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This excerpt from the documentary, In the Line of Fire, produced by Patricia Naylor, shows journalist Nael Shiyoukhi, of the Reuters news agency, as he is being shot by Israeli soldiers in his hometown of Hebron. A 20-minute version of the documentary, which was made in 2002, can be seen on the Frontline website.
According to the Committee to Protect Journalists, Israeli forces have killed 9 journalists in the West Bank and Gaza since 2001, 7 of whom were Palestinians. Some were apparently not targeted, like Basel Faraj, who died of shrapnel wounds from an Israeli attack during the Gaza War in January 2009. He was killed as many other Palestinian civilians have been killed. Palestinian journalists say that others may have been targeted. They tell of how journalists’ cars were marked “TV” and “PRESS,” how they were carrying cameras, and wearing helmets and bulletproof vests. They tell of how they were located far from Palestinian protesters or militants, away from the line of fire. They tell of how they shouted out to soldiers that they are journalists, in English, Arabic, and Hebrew.
It’s difficult to discern the full facts concerning any one shooting, though, since Israel does not generally investigate these incidents. Instead, what we have to go on are statements like this one from the head of the Israeli Government Press Office, Daniel Seaman, who was skirting around a question about why shootings of Palestinian journalists were not seriously investigated:
"There's a war on the survival of the state of Israel by the Palestinians. … The past two years has been an assault against the state of Israel. It's combat. And in this combat almost every Palestinian is engaged in one way or another, either deliberately or (being) used by the Palestinian Authority." (http://www.pbs.org/frontlineworld/stories/israel.palestine/seaman.html)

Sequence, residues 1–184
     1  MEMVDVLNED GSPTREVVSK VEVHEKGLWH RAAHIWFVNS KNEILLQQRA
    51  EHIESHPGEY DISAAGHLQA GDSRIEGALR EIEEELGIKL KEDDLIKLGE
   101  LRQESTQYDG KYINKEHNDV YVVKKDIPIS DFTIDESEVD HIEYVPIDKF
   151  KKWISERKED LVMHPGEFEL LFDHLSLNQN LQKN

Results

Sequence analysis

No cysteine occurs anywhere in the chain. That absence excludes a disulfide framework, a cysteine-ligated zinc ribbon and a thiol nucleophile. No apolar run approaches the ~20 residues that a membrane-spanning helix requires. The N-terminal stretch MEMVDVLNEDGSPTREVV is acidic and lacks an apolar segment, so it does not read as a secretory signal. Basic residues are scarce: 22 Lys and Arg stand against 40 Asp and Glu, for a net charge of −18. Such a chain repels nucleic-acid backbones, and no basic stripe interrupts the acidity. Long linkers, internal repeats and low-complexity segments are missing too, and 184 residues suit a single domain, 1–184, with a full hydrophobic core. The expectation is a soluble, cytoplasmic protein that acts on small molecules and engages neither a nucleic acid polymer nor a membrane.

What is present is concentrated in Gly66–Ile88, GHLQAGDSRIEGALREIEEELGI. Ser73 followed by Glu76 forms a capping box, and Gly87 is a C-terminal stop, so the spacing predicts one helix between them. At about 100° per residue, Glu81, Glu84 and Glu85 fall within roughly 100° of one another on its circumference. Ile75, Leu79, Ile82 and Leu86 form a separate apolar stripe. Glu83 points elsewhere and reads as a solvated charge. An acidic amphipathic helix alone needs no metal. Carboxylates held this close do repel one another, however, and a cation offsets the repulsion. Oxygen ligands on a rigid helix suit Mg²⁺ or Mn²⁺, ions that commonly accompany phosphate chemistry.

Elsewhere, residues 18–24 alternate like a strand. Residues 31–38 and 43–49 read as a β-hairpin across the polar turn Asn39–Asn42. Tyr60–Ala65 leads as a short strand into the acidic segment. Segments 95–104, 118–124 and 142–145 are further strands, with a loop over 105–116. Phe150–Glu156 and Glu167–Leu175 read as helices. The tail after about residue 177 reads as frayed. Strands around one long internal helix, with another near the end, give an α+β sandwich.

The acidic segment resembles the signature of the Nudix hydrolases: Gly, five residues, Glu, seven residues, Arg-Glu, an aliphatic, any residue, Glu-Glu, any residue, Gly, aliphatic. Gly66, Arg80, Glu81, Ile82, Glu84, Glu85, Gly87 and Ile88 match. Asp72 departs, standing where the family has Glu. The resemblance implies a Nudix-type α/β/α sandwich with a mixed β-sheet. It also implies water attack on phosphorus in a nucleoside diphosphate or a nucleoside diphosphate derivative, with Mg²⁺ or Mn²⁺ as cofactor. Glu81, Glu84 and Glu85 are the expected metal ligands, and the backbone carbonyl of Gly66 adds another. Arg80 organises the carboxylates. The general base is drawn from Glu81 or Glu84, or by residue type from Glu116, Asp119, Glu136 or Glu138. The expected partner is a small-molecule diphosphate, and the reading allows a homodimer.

Not only does this statement offer insight into how the press office regards these shootings – but it also must be seen as part of Israel’s larger public relations effort. The lack of professional recognition of Palestinian journalists has been a fairly consistent message from this office. In the same interview, Seaman accused Palestinian journalists of being in collaboration with the Palestinian Authority, and thus, he insinuated, posing a threat to Israel. Is this a kind of speech act that makes possible violence against Palestinian journalists, not only by casting aspersions against Palestinian journalists as professionals but also by categorizing potential negative coverage of Israel in the same category as physical attacks against Israel?
Second, I want to briefly consider what this documentary in itself does. Obviously Naylor’s documentary has raised awareness about attacks on Palestinian journalists. How about the video shot by the Nael Shiyoukhi’s colleagues? The camerapeople of Hebron have an agreement that if one of them is being attacked, another will document the beating or shooting. On this night, a cameraperson turned on his camera, and it not only recorded the shooting, making possible a distinct kind of advocacy, but also illuminated the target. How can we account for the multiple effects of video like this, both at the scene of an attack, and in their many lives after the fact?